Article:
COLOMBO: Sri Lanka is planning to raise up to $1.5 billion via sovereign bonds, tapping global capital markets for the second time within three months as the government seeks new funds to repay loans that are maturing following last month's deadly bomb attacks.
Government officials said the move was to capitalise on favourable market conditions.
The fundraising comes nearly six weeks after suicide bombers killed more than 250 people in attacks at churches and luxury hotels on Easter Sunday.
That attack has badly dented the Sri Lankan economy, in particular deterring many thousands of foreign tourists from coming to the island.
"This is mainly to capitalise on the current market condition which is favourable for us.
The bonds we sold in March are now trading below or near the yields they were sold," a government official told Reuters.
The official said it was also best to tap the markets sooner rather than later, given that Sri Lanka needs to repay huge external debts and there is the uncertainty of a presidential election later this year and the impact of the bomb attacks on its economy.
In March, Sri Lanka sold $1 billion in five-year bonds with a coupon of 6.85 percent and $1.4 billion in 10-year bonds with a coupon of 7.85 percent and the borrowing costs were lower than originally predicted.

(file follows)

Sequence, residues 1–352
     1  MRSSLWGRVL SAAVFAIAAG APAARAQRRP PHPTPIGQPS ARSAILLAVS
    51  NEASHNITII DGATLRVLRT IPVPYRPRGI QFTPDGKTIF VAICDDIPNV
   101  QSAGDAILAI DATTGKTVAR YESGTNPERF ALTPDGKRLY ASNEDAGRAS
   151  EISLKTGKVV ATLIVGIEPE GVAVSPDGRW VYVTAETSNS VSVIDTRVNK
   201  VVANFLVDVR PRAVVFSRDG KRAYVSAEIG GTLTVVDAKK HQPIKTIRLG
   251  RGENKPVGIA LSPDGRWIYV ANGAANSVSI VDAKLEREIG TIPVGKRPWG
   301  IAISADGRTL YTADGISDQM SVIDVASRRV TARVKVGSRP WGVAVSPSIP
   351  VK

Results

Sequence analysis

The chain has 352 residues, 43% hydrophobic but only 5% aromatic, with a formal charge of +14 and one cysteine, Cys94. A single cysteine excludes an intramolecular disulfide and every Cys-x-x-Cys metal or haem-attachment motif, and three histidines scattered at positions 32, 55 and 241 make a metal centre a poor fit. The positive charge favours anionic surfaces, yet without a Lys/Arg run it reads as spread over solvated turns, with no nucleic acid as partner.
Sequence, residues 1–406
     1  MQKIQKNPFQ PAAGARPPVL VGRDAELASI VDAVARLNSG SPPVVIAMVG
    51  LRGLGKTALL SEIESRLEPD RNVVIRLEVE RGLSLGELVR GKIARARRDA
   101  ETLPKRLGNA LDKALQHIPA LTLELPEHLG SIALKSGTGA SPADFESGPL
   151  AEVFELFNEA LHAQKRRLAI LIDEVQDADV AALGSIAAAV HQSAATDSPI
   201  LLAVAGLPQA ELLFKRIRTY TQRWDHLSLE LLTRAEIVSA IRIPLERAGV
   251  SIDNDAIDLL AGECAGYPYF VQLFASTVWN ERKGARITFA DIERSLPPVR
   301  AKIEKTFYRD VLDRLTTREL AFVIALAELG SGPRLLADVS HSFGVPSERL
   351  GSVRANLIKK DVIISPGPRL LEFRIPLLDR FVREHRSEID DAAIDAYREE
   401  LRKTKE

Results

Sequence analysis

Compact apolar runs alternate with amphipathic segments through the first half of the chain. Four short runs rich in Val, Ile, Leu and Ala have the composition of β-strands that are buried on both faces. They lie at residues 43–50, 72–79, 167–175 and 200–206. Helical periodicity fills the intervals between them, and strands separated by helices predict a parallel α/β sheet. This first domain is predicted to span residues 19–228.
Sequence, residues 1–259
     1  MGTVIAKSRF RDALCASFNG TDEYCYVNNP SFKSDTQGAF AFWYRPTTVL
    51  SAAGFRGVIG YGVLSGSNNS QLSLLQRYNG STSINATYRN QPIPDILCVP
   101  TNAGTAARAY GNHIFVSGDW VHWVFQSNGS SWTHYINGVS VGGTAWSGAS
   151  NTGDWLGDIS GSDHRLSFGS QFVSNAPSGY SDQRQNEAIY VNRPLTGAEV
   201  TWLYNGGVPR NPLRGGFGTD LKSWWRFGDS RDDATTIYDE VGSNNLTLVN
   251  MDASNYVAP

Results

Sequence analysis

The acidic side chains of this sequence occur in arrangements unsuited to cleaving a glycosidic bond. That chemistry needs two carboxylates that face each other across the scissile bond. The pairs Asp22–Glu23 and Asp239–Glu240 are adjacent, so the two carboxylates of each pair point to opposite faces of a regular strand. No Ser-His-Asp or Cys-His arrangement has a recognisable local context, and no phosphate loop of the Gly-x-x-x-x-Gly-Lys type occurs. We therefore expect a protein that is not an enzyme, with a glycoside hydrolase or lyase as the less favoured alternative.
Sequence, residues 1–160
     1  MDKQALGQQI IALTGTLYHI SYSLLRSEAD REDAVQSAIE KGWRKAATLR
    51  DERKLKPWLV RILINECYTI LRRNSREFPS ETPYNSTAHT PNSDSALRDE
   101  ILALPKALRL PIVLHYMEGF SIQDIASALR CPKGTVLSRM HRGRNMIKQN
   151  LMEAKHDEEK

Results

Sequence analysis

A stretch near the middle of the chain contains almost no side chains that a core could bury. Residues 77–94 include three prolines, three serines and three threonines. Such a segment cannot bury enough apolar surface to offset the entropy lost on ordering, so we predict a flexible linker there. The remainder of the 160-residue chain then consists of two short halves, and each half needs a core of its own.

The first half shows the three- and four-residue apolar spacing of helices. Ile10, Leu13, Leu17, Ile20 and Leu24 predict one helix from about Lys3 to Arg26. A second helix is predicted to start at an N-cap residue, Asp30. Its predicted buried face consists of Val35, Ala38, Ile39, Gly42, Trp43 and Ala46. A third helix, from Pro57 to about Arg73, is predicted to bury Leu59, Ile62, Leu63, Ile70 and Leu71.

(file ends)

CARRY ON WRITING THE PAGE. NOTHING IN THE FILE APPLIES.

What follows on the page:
The 10-year bond sold in March last traded at 7.79pc and the five-year bond last traded at 6.91pc, Refinitiv data showed.
The government said in a cabinet decision document the $1.5 billion borrowing is "within the approved public debt limit for 2019" and the decision was taken "considering the international market situation."
A finance ministry official said BOC International, Citigroup, Deutsche Bank, HSBC, JPMorgan, SMBC Nikko and Standard Chartered Bank, who were the lead managers for the $2.4 billion borrowing in March, are likely to be the joint bookrunners for the upcoming bond sale as well.
"We do not want to take time to finalise fresh lead managers," the official said, asking not to be named as he is not authorised to speak to the media.
An official at one of the lead managers for the March bonds said they have yet to be told they will be one of the lead managers. The official said the bank understands that the central bank needs the money as soon as possible.
The sale of new global sovereign bonds comes as the South Asian island nation is struggling to repay foreign loans, with a record $5.9 billion due this year, including $2.6 billion in the first quarter and more than $1.2 billion in the second, central bank data showed.
All three major rating agencies downgraded Sri Lanka's debt after President Maithripala Sirisena sacked his prime minister in October and replaced him with pro-China former president Mahinda Rajapaksa, though that decision was later reversed.
But the seven-week-long crisis hurt the rupee and drove sovereign bond yields higher, straining state finances.